Inflation-complicated compound interest

  • Thread starter NicholasMM
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Hi gang, I need help with a formula if somebody with an enormous brain and generous heart has some spare time.

I need to work out what 9% of $60,000 ($5400) invested annual at 7% (net of fees and taxes) would grow to in 30 years, with the $60,000 increasing by 3% inflation each year (so the figure that 9% amounts to grows each year).

There is also a starting balance of $100,000.

I then need to be able to alter that 9% and make it 12% to see what the difference would be in the result.

If anybody can help a maths knucklehead such as myself that would be wonderful.

Thanks ... Nick.
 

CRGreathouse

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I don't think I understand the statement of the problem. Are you looking for the nominal or the real amount? Is 3% the inflation rate -- because in the problem it sounds like a COLA? What is the $100,000 starting amount -- does it include the $60,000 or not? If so, what happens with the other $40,000, is it invested at the risk-free rate (which is what?)?
 
Hi CR, I didn't explain myself very well.

In Australia, we have compulsory retirement savings of 9% of our annual wage ($60,000 in my example).

I'm trying to work out what those contributions would grow in 30 years, given 7% returns (for simplicity, net of fees and taxes) a year and, critically, with the annual wage (again, $60, 000 in my example) rising each year in line with inflation of 3%pa, so that the 9% compulsory amount increases too each year.

I then want to change the 9% to 12% to compare how tipping in each year an amount extra to the compulsory 9% would effect the result (that is, the investment balance).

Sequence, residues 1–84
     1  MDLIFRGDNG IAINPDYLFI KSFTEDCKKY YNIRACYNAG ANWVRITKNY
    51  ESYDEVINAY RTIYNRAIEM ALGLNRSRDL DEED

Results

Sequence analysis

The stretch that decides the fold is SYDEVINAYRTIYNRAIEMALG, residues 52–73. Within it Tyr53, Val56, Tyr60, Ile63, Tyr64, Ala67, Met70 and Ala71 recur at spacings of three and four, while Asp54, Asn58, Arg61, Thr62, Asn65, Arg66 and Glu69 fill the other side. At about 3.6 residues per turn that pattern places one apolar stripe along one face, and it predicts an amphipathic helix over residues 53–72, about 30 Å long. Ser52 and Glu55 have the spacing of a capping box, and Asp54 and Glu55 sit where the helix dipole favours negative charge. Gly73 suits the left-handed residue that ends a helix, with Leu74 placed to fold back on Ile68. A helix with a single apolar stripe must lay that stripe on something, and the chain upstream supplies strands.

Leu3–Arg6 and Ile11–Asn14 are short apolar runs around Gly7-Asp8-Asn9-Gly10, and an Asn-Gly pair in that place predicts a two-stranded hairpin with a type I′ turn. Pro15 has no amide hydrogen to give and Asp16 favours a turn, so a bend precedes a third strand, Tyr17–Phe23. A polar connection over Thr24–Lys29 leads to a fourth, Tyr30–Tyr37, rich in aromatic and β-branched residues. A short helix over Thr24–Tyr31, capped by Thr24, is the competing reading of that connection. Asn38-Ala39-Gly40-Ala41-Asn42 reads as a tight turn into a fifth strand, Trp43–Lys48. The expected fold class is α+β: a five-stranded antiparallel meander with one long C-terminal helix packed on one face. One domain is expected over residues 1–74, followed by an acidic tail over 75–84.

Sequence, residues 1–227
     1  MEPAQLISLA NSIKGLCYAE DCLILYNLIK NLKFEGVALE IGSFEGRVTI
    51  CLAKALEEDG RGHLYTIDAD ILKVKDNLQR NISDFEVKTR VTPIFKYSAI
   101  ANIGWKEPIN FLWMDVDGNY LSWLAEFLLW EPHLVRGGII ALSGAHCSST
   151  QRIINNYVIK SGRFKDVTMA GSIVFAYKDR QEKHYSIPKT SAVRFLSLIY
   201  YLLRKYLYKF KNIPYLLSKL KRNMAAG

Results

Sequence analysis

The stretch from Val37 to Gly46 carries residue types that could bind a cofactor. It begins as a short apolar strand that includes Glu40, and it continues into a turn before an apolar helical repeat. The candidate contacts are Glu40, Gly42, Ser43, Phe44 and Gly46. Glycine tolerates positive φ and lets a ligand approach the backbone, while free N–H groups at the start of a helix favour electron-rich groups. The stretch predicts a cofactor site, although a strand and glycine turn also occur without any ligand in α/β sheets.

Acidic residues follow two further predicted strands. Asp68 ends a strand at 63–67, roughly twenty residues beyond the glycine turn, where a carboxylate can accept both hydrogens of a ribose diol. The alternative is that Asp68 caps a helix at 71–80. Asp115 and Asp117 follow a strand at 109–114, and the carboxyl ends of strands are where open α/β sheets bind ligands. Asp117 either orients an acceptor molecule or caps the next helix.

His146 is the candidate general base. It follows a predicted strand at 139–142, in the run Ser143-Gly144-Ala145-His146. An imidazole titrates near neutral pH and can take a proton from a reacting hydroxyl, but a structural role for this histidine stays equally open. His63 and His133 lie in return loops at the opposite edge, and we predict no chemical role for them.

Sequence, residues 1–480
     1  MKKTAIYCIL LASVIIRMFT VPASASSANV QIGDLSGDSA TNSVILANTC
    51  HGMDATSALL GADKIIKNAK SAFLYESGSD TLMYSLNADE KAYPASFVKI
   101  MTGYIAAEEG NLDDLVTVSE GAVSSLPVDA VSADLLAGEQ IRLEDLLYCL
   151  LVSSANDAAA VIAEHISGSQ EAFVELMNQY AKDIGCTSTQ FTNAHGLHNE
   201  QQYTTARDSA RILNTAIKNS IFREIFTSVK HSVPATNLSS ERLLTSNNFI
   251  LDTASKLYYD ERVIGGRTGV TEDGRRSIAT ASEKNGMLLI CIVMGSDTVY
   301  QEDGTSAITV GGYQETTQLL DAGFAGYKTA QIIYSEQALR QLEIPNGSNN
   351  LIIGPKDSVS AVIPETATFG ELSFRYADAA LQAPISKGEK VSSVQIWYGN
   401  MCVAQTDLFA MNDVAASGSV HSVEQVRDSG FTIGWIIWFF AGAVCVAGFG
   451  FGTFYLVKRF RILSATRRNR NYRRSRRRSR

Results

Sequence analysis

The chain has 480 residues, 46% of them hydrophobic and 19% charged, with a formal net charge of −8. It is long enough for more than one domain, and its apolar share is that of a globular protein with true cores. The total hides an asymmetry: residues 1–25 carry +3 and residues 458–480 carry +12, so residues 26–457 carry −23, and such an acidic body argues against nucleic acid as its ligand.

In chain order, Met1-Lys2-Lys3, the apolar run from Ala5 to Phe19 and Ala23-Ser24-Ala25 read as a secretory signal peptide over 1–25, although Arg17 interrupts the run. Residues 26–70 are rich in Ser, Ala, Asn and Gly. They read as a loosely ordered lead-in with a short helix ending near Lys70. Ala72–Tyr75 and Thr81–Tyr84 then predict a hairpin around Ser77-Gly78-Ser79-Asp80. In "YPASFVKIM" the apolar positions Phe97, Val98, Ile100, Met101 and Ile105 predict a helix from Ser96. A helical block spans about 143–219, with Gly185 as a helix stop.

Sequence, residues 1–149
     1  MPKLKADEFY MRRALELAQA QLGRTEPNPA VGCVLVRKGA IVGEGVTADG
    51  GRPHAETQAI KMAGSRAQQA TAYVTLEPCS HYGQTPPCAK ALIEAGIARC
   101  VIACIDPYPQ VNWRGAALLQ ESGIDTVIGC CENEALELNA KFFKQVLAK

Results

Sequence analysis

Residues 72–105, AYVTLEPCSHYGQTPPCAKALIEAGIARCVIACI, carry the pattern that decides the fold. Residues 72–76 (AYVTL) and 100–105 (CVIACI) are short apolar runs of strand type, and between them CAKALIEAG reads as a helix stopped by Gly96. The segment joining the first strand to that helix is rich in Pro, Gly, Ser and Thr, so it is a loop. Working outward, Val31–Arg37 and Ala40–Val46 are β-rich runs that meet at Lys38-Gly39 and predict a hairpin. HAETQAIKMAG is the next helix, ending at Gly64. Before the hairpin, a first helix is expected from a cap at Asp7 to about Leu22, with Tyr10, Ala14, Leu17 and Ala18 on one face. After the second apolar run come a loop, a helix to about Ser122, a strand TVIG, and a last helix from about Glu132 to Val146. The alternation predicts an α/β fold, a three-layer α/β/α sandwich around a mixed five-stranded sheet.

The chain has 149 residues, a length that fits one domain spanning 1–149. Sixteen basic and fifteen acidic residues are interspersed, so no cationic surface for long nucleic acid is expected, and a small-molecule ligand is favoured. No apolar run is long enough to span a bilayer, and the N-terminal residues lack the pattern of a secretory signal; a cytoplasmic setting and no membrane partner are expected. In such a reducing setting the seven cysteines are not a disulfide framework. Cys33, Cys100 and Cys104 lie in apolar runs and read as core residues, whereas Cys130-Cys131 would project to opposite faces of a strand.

The $100,000 would be the retirement account balance when the retirement investor switched from 9% of annual wage to 12%.

I know how to work out the FV of $5400 (9% of $60,000) invested at 7% for 30 years. What I don't know is how to do is allow for the $5400 to increase each year in line with inflation.

I'd really love it if you knew a formula for this that I could punch into google calc.

Thanks CR. I hope I haven't just made it much more confusing! ... Nick.
 

CRGreathouse

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I know how to work out the FV of $5400 (9% of $60,000) invested at 7% for 30 years. What I don't know is how to do is allow for the $5400 to increase each year in line with inflation.
The easy way, then, is to divide everything by 1.03 each year so you're working in real (not nominal) terms. Thus you get 3.88% after-inflation returns (1.07/1.03 - 1) and your contribution stays at $5400 inflation-adjusted dollars.
 

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